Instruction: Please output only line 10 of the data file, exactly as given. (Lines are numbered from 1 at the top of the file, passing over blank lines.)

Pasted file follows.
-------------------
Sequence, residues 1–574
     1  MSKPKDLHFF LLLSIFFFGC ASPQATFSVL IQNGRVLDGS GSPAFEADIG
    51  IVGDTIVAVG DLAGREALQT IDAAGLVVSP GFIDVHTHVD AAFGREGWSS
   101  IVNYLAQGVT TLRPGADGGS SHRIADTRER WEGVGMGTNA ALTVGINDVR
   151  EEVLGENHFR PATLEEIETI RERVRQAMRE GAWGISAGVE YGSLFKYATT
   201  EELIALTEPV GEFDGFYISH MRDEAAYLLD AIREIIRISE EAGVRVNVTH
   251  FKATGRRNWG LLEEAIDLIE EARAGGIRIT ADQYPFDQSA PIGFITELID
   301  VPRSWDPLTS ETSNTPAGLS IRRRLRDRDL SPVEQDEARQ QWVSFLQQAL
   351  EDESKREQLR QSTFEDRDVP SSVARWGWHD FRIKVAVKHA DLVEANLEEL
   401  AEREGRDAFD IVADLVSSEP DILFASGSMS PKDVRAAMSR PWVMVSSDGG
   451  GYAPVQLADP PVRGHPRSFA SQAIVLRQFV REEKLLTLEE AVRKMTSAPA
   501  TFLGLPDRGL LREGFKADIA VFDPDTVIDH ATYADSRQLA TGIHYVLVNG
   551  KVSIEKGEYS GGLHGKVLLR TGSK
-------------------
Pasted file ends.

   401  AEREGRDAFD IVADLVSSEP DILFASGSMS PKDVRAAMSR PWVMVSSDGG